Alan Yang Interview: ‘Forever’ creator
“We wanted to be as exciting as a show like ‘Lost,'” explains co-creator, executive producer and Emmy winning writer Alan Yang about his Amazon comedy “Forever.” “They were just pummeling you with surprises yet it felt earned at the same time,” he says of how his show’s surprising twists and turns emulate the classic sci-fi drama’s crazy plot twists. Watch our exclusive video interview with Yang above.
“Forever” stars “SNL” alums Fred Armisen and Maya Rudolph as a loving married couple that have become stuck in a boring and predictable rut, whose lives are suddenly turned upside down. The show is equal part an hilarious observation of the routine minutiae of relationships and an existential and supernatural meditation on life, companionship and purpose. It is impossible to describe the show without spoiling the many surprises that are revealed in the first three episodes, and it is best to watch the show without any prior knowledge of what to expect. “It’s insane,” Yang declares. “The first three episodes are kind of like three different shows entirely, and it’s so rare to be able to preserve surprises.”
“Without giving too much away, it really is an examination of marriage and of relationships and the idea that we are supposed to be with someone forever, but what if that were literally the case and the torture that in some cases we might experience,” Yang explains, adding that “this is a show about all marriages in general, and the temptations and the boredoms we all encounter.”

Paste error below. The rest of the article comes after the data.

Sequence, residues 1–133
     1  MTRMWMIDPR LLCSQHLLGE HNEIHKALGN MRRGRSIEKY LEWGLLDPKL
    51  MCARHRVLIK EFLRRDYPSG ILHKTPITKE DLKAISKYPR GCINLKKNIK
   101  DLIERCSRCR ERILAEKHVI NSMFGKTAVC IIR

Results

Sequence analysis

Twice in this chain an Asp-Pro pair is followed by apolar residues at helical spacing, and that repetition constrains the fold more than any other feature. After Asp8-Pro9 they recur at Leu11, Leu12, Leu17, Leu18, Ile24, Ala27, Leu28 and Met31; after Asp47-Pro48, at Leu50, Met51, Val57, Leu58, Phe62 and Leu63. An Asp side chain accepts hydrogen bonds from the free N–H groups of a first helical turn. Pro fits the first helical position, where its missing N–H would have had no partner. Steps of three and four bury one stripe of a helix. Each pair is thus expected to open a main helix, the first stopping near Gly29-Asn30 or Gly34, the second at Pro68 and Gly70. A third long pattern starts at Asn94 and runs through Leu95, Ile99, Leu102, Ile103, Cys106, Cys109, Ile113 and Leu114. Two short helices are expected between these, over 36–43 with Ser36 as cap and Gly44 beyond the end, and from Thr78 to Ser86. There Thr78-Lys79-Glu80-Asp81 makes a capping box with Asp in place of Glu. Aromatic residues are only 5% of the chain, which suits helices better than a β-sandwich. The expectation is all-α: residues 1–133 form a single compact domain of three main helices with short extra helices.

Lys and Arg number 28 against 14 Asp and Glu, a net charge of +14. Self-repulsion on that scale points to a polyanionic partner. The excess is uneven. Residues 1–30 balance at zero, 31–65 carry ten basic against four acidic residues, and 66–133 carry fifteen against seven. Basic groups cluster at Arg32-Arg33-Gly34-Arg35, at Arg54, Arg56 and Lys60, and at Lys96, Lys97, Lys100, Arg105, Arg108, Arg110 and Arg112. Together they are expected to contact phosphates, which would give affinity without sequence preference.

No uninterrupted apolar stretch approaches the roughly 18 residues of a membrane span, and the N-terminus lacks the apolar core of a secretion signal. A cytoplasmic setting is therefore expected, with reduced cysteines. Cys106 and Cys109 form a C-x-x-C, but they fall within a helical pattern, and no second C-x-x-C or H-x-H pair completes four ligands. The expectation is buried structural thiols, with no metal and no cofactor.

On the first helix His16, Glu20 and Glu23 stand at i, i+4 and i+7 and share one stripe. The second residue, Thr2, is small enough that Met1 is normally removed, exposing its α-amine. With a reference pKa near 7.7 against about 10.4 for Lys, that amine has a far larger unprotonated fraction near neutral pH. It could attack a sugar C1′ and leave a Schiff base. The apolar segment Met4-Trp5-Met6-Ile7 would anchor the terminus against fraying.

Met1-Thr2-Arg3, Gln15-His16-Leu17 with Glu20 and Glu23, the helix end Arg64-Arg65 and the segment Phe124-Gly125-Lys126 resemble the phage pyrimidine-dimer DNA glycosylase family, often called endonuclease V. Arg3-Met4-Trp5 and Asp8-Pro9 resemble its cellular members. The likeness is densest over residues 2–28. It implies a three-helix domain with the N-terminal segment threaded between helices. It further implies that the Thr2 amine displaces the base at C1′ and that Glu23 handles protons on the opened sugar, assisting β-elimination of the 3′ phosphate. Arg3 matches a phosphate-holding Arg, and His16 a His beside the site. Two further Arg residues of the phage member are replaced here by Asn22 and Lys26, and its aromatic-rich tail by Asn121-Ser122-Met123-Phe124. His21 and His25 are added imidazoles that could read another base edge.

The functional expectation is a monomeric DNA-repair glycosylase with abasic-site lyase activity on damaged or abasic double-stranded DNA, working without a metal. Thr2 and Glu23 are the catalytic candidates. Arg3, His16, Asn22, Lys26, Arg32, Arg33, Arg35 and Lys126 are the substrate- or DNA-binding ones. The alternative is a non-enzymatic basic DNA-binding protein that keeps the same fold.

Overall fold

While the show veers into some unexpectedly left-field territory, Yang and his co-creator Matt Hubbard (“Parks and Recreation”) were keen to ground the show in the daily nuances of married life. “If we had one ingredient that was super supernatural or insanely crazy,” he explains, “we would try to balance it with an argument about how you load the dishwasher or something mundane, something relatable.”
After his Emmy-winning work on “Master of None” (he won for writing the episode “Parents” with co-creator Aziz Ansari) and many of his other recent projects, Yang is often asked about his views on diversity in film and TV, particularly from his perspective as a creator of Asian descent. He is immensely proud of how far the industry has come. “We’ve taken so many strides and we’ve taken so many steps forward that it’s a thrill to be talking about it at all,” Yang admits. “We’re just starting, and it’s the tip of this Asian iceberg,” he adds. “It’s very exciting. As someone who never saw anyone who looked like me on TV or in movies growing up unless they were working in a restaurant or a laundromat or a nerd bullied at school; it’s exciting and I’m proud to be part of it.”